Publications des agents du Cirad


Cultivated plant diversity controls arthropod communities and Helicoverpa armigera regulation in tomato cropping systems. [D3648]

Dassou G.A., Chailleux A.. 2016. In : 25th International Congress of Entomology: Entomology without borders. Orlando : Entomological Society of America, 1p.. International Congress of Entomology. 26, 2016-09-25/2016-09-30, Orlando (Etats-Unis).

DOI: 10.1603/ICE.2016.111823

The intercropping can increase the plant biodiversity, conserve the local crops and modify the arthropod communities for pest management. With the goal of optimizing pest management, we studied the effect of cultivated plant diversity, their spatial organization on the arthropod communities and Helicoverpa armigera regulation in tomato cropping systems. During the study, 30 farmer's fields were selected in South of Benin (West Africa) and we assessed the diversity of cultivated plants inside and around of the tomato fields and determined the arthropod communities. This study showed that the arthropod families Hymenoptera, Orthoptera, Araneae and Coleoptera were most abundant in tomato cropping systems. Cultivated plant diversity increased the abundance of the omnivore predators and generalist predators which are negatively correlated with H. armigera abundance meaning it biological control. The different crop association types increased the arthropod abundance for the stability of theirs food webs at local field scale while at the neighbourg field scale, the crop associations increased or decreased the arthropod abundance according to the types. The plants palm, pineapple, maize, cassava, triumphetta, talinum and groundnut could be the best plants associated to the tomato for ecological management of H. armigera. This study allowed us to understand how to organize the landscape of tomato cropping systems for the best arthropod food web structures, the ecological management of H. armigera. (Texte integral)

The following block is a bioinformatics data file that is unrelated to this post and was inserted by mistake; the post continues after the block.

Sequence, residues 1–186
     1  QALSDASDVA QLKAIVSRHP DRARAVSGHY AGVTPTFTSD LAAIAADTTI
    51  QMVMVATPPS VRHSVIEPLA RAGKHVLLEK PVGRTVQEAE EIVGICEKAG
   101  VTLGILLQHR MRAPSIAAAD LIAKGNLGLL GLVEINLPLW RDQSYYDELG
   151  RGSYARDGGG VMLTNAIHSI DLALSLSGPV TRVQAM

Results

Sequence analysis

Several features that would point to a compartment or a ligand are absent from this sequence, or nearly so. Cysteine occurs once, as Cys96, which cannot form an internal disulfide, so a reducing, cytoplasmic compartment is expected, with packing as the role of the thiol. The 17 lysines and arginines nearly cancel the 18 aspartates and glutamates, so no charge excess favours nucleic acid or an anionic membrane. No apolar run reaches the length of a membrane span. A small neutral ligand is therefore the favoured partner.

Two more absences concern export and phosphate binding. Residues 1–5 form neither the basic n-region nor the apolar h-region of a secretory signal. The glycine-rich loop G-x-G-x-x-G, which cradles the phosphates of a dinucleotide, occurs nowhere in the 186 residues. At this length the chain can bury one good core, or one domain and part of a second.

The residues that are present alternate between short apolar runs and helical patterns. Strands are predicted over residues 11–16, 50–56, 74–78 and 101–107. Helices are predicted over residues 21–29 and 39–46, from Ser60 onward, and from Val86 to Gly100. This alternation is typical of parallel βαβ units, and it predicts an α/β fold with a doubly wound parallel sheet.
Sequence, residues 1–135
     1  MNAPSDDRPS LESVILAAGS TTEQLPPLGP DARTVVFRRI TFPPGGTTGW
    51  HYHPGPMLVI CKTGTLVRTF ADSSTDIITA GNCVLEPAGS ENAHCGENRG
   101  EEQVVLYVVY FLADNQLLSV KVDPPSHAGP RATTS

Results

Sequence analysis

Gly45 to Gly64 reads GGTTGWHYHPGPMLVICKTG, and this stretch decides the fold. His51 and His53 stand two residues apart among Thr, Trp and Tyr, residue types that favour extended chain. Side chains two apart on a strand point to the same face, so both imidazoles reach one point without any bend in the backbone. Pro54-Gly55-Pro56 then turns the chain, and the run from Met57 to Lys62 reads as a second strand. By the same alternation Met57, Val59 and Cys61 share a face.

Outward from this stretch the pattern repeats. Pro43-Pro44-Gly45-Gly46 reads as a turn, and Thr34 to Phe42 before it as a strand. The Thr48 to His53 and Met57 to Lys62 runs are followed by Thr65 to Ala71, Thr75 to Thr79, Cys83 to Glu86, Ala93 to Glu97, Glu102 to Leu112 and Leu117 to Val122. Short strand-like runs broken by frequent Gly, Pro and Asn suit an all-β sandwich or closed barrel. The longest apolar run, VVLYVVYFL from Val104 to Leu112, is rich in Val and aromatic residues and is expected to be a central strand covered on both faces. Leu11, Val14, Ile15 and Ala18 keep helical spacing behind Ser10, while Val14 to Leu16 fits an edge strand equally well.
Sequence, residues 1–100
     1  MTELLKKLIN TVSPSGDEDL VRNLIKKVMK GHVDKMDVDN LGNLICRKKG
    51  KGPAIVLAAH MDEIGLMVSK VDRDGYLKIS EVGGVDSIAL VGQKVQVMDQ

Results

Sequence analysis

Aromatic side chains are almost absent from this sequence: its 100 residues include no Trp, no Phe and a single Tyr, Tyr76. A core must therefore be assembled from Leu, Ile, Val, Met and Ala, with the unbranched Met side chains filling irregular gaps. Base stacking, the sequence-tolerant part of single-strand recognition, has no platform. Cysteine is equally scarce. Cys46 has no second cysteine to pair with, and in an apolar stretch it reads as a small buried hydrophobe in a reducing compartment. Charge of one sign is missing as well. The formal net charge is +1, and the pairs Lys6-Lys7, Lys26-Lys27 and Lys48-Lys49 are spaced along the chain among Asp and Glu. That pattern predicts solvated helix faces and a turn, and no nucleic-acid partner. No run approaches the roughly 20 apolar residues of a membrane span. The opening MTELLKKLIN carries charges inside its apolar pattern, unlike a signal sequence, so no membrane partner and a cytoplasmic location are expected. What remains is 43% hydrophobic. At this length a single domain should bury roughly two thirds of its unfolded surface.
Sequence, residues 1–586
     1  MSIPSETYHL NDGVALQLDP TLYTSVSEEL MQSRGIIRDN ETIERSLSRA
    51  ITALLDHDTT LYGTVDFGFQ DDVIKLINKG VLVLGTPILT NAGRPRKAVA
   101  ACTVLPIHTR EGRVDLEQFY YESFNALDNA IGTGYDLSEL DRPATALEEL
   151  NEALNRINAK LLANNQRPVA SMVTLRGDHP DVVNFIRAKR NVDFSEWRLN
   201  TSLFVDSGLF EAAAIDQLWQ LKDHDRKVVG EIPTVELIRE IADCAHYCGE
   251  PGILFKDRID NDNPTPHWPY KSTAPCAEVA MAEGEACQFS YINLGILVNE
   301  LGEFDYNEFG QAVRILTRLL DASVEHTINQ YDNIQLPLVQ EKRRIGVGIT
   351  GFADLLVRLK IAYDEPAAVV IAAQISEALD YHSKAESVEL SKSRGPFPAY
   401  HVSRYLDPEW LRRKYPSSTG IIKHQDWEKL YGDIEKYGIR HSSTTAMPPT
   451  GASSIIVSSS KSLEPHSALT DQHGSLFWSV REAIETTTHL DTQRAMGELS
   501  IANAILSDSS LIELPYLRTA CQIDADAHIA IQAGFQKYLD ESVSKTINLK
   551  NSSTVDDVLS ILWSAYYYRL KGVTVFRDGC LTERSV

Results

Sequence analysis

Documents associés

Communication de congrès

Agents Cirad, auteurs de cette publication :